gorilla/csrf provides Cross Site Request Forgery (CSRF) prevention middleware for Go web applications & services.
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gorilla/csrf is a HTTP middleware library that provides cross-site request forgery (CSRF) protection. It includes:

  • The csrf.Protect middleware/handler provides CSRF protection on routes attached to a router or a sub-router.
  • A csrf.Token function that provides the token to pass into your response, whether that be a HTML form or a JSON response body.
  • ... and a csrf.TemplateField helper that you can pass into your html/template templates to replace a {{ .csrfField }} template tag with a hidden input field.

gorilla/csrf is designed to work with any Go web framework, including:

gorilla/csrf is also compatible with middleware 'helper' libraries like Alice and Negroni.


With a properly configured Go toolchain:

go get github.com/gorilla/csrf


gorilla/csrf is easy to use: add the middleware to your router with the below:

CSRF := csrf.Protect([]byte("32-byte-long-auth-key"))
http.ListenAndServe(":8000", CSRF(r))

...and then collect the token with csrf.Token(r) in your handlers before passing it to the template, JSON body or HTTP header (see below).

Note that the authentication key passed to csrf.Protect([]byte(key)) should be 32-bytes long and persist across application restarts. Generating a random key won't allow you to authenticate existing cookies and will break your CSRF validation.

gorilla/csrf inspects the HTTP headers (first) and form body (second) on subsequent POST/PUT/PATCH/DELETE/etc. requests for the token.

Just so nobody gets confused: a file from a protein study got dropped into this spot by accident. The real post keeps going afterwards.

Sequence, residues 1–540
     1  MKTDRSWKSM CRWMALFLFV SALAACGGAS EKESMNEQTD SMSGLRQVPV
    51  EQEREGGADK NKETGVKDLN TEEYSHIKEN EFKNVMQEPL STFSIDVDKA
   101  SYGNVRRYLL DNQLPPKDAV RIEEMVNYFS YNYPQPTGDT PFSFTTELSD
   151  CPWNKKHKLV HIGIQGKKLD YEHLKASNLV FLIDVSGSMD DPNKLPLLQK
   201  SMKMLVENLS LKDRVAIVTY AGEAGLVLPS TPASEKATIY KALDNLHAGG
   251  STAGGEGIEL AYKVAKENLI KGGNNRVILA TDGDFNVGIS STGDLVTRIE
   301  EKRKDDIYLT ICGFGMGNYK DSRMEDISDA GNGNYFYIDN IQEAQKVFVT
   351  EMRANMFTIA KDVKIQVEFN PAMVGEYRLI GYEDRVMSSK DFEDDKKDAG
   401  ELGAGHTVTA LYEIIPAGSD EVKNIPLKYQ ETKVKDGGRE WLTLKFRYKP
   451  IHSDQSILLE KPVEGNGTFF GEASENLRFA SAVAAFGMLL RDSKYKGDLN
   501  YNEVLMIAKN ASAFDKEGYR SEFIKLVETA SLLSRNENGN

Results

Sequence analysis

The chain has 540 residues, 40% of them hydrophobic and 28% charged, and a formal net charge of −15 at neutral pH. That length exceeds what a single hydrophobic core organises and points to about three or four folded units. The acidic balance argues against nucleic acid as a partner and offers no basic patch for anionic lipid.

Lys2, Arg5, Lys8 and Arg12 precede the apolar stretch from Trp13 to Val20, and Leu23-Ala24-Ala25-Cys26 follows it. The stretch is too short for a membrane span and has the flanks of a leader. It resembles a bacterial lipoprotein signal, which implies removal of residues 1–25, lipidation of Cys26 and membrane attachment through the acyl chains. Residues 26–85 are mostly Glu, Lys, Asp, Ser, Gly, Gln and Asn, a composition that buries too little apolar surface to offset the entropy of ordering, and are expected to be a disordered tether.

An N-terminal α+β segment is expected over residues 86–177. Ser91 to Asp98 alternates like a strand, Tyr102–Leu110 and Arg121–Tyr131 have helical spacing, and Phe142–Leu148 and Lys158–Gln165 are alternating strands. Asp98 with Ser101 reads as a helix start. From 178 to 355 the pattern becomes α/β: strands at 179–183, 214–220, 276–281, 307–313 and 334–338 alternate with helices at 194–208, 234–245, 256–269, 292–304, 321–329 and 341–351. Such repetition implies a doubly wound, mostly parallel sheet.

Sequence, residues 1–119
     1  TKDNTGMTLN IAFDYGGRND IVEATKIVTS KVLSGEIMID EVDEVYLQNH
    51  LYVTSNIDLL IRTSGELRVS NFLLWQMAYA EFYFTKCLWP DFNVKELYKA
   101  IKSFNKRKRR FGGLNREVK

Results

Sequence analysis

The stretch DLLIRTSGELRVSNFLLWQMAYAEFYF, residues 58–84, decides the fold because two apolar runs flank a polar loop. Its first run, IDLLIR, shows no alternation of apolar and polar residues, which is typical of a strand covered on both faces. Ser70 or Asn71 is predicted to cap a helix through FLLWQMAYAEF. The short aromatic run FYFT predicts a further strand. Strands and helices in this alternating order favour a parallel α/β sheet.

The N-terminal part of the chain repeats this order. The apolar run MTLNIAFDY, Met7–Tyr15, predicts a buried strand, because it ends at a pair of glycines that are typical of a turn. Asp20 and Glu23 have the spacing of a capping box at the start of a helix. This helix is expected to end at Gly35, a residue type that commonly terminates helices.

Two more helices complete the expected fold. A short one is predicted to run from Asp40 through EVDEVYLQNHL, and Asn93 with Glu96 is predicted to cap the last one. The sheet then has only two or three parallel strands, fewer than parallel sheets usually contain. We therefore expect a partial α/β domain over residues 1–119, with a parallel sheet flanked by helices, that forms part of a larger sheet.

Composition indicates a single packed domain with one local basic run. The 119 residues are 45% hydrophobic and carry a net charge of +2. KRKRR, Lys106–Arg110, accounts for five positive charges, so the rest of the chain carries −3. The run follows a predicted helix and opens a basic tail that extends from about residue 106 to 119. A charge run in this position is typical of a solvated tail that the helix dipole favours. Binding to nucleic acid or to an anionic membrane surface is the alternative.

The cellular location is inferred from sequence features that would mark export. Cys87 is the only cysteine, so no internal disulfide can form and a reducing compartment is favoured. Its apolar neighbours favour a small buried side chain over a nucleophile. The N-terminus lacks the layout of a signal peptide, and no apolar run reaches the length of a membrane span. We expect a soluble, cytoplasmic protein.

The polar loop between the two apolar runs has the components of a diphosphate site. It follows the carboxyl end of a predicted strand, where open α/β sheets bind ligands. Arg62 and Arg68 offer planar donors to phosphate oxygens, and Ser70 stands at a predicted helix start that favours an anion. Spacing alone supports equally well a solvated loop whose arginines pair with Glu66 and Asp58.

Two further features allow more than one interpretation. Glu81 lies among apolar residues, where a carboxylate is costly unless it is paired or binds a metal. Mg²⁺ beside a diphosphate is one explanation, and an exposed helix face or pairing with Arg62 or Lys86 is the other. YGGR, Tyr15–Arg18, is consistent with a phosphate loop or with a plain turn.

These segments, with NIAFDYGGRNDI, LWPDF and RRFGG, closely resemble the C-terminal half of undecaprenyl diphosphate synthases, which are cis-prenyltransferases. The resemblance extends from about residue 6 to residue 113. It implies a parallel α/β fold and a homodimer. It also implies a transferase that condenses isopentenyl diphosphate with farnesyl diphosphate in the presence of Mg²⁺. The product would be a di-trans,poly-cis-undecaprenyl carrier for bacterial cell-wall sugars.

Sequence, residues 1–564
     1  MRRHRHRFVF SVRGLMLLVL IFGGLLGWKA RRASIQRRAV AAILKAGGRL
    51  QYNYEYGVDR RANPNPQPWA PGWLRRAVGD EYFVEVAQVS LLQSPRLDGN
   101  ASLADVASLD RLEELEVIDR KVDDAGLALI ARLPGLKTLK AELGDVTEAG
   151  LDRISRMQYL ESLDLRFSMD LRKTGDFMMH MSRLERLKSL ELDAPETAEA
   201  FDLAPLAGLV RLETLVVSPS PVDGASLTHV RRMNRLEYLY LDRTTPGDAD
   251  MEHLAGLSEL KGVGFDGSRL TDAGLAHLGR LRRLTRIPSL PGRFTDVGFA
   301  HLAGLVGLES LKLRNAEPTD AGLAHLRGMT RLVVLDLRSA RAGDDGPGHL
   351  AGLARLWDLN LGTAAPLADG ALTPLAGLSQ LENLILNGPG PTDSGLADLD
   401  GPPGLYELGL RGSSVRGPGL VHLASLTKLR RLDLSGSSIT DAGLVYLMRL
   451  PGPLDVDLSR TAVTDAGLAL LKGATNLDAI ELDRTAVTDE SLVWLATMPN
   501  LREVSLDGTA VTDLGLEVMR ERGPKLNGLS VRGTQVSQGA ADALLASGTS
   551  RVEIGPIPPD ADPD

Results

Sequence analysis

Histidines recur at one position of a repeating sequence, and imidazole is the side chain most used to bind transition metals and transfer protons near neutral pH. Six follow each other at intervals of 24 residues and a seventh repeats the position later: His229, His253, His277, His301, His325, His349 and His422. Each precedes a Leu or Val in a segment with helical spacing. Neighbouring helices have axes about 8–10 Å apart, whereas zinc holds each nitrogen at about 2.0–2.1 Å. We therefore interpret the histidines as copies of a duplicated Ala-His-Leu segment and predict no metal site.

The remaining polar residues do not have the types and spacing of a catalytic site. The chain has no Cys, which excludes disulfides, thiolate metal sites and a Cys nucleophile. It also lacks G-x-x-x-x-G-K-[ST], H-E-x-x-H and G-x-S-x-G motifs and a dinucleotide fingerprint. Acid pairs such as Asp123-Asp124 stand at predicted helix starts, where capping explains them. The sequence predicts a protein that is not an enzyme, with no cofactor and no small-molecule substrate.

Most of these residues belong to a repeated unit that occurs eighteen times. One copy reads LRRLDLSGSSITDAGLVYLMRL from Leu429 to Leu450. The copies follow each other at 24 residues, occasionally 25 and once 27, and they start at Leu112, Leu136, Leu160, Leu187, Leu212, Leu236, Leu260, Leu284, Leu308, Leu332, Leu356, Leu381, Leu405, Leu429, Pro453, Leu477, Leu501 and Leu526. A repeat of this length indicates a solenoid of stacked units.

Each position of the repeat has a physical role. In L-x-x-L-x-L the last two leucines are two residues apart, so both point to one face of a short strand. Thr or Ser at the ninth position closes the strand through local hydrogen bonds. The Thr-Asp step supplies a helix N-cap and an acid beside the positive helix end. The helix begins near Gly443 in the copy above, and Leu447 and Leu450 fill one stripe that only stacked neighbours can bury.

HTML Forms

Here's the common use-case: HTML forms you want to provide CSRF protection for, in order to protect malicious POST requests being made:

package main

import (


func main() {
    r := mux.NewRouter()
    r.HandleFunc("/signup", ShowSignupForm)
    // All POST requests without a valid token will return HTTP 403 Forbidden.
    // We should also ensure that our mutating (non-idempotent) handler only
    // matches on POST requests. We can check that here, at the router level, or
    // within the handler itself via r.Method.
    r.HandleFunc("/signup/post", SubmitSignupForm).Methods("POST")

    // Add the middleware to your router by wrapping it.
    // PS: Don't forget to pass csrf.Secure(false) if you're developing locally
    // over plain HTTP (just don't leave it on in production).

func ShowSignupForm(w http.ResponseWriter, r *http.Request) {
    // signup_form.tmpl just needs a {{ .csrfField }} template tag for
    // csrf.TemplateField to inject the CSRF token into. Easy!
    t.ExecuteTemplate(w, "signup_form.tmpl", map[string]interface{}{
        csrf.TemplateTag: csrf.TemplateField(r),
    // We could also retrieve the token directly from csrf.Token(r) and
    // set it in the request header - w.Header.Set("X-CSRF-Token", token)
    // This is useful if you're sending JSON to clients or a front-end JavaScript
    // framework.

func SubmitSignupForm(w http.ResponseWriter, r *http.Request) {
    // We can trust that requests making it this far have satisfied
    // our CSRF protection requirements.